By Mark Poster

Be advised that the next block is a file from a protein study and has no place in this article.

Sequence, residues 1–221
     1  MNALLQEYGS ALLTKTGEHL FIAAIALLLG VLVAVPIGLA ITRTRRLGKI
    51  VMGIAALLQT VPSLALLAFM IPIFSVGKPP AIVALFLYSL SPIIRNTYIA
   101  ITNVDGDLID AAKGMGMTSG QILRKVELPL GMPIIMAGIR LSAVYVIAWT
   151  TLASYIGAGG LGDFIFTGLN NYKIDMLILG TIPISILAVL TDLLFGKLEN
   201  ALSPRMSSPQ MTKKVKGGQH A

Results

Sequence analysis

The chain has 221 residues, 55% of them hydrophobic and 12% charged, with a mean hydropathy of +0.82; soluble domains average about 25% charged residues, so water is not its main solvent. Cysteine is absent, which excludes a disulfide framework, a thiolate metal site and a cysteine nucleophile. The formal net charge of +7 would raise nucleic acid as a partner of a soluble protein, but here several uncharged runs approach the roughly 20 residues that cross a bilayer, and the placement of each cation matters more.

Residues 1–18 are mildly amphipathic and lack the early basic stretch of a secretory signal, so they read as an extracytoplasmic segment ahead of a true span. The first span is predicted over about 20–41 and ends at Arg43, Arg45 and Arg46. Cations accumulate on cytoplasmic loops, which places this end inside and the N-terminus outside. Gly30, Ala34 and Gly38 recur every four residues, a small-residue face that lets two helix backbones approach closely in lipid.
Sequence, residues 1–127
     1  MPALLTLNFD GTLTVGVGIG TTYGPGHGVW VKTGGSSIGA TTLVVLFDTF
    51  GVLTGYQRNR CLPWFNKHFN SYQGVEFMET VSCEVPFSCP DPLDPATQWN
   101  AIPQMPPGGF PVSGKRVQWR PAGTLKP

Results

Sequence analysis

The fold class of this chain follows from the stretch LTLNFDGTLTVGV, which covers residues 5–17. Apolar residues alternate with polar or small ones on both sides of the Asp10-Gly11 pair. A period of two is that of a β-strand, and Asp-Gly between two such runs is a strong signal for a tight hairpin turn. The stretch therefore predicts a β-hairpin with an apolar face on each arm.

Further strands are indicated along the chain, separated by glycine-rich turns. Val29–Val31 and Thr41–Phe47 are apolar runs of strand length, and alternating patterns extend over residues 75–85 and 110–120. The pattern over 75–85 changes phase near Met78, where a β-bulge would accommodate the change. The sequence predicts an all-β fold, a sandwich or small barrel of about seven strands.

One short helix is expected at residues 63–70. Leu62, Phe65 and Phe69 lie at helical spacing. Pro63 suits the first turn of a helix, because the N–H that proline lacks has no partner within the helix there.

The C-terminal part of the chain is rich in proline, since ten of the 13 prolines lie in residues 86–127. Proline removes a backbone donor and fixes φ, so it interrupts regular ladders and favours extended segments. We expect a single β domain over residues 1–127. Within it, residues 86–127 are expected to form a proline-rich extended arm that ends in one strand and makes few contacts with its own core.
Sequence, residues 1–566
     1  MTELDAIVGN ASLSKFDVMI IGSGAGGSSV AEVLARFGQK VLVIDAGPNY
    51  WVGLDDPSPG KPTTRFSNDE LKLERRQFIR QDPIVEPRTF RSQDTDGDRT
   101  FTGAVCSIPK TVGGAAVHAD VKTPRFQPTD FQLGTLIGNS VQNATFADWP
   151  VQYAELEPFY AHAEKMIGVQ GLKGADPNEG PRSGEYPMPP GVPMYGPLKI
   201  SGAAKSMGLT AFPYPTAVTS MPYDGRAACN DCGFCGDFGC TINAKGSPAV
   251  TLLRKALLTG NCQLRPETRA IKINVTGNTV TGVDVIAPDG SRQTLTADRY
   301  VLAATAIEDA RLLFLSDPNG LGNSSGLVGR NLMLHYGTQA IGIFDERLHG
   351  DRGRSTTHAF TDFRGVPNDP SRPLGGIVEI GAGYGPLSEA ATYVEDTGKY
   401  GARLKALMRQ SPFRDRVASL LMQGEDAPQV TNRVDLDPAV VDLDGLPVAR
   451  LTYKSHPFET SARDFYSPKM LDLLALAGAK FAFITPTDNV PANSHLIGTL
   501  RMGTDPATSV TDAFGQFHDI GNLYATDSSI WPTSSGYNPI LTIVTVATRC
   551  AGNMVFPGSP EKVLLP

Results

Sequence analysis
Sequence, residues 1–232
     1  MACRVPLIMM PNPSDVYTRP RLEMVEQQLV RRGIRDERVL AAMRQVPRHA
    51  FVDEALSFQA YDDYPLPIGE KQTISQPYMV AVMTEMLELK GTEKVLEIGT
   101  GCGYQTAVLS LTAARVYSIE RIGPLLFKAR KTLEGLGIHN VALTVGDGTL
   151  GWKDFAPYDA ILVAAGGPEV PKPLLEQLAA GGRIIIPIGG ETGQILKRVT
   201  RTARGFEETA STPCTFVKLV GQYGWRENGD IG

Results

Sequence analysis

Today the family is being attacked and defended with equal vehemence. It is blamed for oppressing women, abusing children, spreading neurosis and preventing community. It is praised for upholding morality, preventing crime, maintaining order and perpetuating civilization. Marriages are being broken more than even before and being constituted more than ever before. The family is the place from which one desperately seeks escape and the place to which one longingly seeks refuge. To some the family is boring, stifling and intrusive; to others it is loving, companionate and intimate. And so it goes with the family, back and forth with no sign of agreement on the horizon. Just at a time when public concern for the family is widespread, social scientists have little theoretical clarity to offer. People are intensely interested in finding out how the family is faring, how it has evolved from the past and what forms it may take in the future. Yet social science does not have an adequate definition of the family, or a coherent set of categories from which to analyze it, or a rigorous conceptual scheme to specify what is significant about it. The purpose of this book is to demonstrate the weaknesses of existing theories of the family in the fields of history, sociology and psychology and to offer at least the beginnings of a more adequate theory.